In this Council of Councils global perspectives roundup, experts at leading global think tanks say President Joe Biden’s Leaders Summit on Climate marked a promising step forward. But even with renewed U.S. global leadership there are daunting challenges to locking in meaningful reductions to carbon emissions.
U.S. Regains Leadership Role but Action on Ground Still Missing
U.S. President Joe Biden’s virtual summit last week injected new life into international climate cooperation. The United States presented ambitious plans to meet its Paris Agreement targets and reestablish global leadership before forty heads of state and government. That was a real leap forward.
Biden committed to halving U.S. carbon emissions by 2030, based on its 2005 level. This is an enormous goal given that the United States was 20 percent below 2005 emissions levels in 2020, benefiting from a pandemic-driven year-on-year decline of 10 percent.
Yet, big emitters such as Brazil, India, and Russia are not following this example, and it seems that they do not intend to anytime soon. Global emissions-reduction targets still do not add up to the goal of limiting temperature increase to 1.5°C or at least well below 2°C, according to the Climate Action Tracker. The U.S. announcement of a $1.2 billion down payment on the $2 billion due since 2016 for the Green Climate Fund also disappointed developing countries.
The financial discussions on the second day of the summit were vital. Private-sector investors who were waiting for direction from governments to embark on fast and steady decarbonization received clear signals. The United States and Europe announced their intent to promote new markets based on climate protection plans, including carbon regulation and pricing, financial risk assessments, and incentives for more research and development. The European Green Deal—a comprehensive agenda on climate, environment, and green growth—and Biden’s climate plan could spur significant action. Government relief packages to tackle the grave economic consequences of the pandemic could add to this.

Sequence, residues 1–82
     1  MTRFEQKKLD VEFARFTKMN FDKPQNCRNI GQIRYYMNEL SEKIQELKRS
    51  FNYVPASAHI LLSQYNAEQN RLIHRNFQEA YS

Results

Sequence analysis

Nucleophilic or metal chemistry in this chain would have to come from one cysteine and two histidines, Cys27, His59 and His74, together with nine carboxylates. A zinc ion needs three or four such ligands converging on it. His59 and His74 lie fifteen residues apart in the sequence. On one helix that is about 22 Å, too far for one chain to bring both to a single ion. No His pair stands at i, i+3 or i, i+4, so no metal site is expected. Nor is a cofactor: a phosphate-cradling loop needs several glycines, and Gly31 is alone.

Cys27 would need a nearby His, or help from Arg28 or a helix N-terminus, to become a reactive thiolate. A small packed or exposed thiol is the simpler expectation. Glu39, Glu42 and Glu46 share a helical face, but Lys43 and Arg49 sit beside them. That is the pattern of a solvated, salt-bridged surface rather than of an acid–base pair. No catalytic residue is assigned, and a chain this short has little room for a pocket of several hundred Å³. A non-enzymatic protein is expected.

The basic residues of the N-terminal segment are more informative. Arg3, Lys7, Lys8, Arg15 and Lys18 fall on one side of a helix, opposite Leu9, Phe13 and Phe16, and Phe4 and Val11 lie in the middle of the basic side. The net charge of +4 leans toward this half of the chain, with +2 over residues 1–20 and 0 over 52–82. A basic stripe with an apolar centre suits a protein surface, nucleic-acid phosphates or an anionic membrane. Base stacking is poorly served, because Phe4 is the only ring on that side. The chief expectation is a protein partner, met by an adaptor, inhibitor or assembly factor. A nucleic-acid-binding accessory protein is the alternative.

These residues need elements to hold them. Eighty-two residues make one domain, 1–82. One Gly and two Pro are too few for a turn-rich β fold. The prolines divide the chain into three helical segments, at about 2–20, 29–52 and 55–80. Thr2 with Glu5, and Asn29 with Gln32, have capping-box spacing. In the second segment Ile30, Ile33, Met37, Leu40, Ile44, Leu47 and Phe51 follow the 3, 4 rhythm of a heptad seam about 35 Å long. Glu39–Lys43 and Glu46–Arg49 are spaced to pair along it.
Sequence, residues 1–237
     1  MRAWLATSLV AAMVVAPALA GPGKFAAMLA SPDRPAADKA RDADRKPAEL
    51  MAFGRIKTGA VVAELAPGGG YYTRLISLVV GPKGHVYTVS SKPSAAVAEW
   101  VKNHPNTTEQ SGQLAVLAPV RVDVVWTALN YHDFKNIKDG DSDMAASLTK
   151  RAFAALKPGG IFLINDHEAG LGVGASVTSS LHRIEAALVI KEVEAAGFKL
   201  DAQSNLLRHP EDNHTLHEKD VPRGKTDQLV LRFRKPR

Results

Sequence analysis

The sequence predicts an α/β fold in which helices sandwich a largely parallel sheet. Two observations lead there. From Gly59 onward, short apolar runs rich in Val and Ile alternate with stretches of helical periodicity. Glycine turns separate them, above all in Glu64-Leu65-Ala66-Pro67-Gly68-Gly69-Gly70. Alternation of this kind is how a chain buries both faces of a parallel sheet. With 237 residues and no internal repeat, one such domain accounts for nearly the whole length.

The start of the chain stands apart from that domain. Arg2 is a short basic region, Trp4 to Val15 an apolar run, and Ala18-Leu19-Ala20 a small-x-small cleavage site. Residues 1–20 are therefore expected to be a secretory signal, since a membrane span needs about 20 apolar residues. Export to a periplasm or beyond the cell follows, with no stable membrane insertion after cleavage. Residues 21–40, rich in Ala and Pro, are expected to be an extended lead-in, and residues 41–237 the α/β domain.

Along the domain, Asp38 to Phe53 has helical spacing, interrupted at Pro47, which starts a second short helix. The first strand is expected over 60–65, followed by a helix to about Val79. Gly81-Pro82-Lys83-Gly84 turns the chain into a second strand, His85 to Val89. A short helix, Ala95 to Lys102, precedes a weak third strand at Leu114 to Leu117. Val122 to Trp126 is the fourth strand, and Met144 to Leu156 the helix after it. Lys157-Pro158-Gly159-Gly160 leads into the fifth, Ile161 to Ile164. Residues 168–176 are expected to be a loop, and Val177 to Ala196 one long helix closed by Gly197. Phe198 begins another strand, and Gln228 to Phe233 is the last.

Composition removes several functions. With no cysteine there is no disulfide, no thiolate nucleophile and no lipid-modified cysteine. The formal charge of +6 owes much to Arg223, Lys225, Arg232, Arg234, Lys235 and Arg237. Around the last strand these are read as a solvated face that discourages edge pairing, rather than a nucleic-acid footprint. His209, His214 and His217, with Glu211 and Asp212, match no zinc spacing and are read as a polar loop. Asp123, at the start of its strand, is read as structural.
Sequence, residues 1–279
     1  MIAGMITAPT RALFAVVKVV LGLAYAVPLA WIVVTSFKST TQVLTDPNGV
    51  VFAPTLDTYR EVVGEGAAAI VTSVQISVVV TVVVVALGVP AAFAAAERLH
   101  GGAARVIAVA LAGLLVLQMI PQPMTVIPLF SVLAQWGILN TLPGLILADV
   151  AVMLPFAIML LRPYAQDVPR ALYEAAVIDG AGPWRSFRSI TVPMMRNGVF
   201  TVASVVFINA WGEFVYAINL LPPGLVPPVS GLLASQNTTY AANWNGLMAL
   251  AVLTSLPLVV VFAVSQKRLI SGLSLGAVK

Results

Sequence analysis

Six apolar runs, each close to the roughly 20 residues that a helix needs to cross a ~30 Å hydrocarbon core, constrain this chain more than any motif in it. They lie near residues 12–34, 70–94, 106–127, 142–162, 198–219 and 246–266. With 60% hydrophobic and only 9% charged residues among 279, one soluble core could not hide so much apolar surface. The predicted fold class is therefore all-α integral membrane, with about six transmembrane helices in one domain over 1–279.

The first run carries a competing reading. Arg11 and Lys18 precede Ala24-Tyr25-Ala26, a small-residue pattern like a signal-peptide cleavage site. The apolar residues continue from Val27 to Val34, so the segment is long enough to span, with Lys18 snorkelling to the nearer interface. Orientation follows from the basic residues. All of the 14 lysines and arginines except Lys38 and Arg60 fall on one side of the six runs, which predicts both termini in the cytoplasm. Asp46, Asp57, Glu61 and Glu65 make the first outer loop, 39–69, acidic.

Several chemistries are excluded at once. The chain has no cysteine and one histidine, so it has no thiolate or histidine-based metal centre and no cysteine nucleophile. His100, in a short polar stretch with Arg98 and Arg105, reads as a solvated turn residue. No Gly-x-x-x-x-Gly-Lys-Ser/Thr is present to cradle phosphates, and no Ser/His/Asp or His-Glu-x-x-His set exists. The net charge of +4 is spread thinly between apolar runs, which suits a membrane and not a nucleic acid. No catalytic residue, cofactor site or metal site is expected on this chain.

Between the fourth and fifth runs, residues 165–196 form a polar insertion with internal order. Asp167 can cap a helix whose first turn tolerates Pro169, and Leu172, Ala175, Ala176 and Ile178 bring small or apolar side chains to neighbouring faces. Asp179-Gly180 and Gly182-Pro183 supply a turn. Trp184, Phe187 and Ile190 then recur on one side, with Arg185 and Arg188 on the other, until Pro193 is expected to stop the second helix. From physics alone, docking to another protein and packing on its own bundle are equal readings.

Getting China on board remains critical. In particular, stricter limitations on coal are needed. Chinese power plants account for around 50 percent of overall global coal consumption. Beyond China’s borders, the Belt and Road Initiative continues to drive investments in coal and other fossil fuels. While Beijing pledged that the country’s coal consumption would peak in 2025, it offered no specific plans for phasing it out.
The summit has set the right tone for the next high-level meetings: the UN Summit on Biodiversity in May, the Group of Seven (G7) meeting in June, and the Group of Twenty (G20) meeting in October. The UN Climate Change Conference in Glasgow, Scotland, scheduled for November, could benefit if the momentum continues to build.
For Southeast Asian Nations, Summit a Good Start but Holistic Approach Needed
For developing countries, including in Southeast Asia, the U.S. climate agenda unveiled at President Biden’s summit offers a promising path forward, and signals the renewal of U.S. global climate leadership.
The United States, along with Canada and Japan, announced higher emissions-reduction targets to meet by 2030. The U.S. pledge is almost double that made during the Barack Obama administration. Developing Southeast Asian countries view stronger commitments by developed countries as a step in the right direction; they have long demanded developed countries to credibly lead the way on decarbonization.
The U.S. plan—which is subject to congressional approval—to double its financial assistance to developing countries compared to what it disbursed during President Obama’s second term increases the likelihood of those countries getting the financing they need to develop renewable energy projects.
Additionally, Southeast Asian nations will benefit from the inclusion of nature-based solutions, including $1 billion to combat deforestation in tropical and subtropical regions.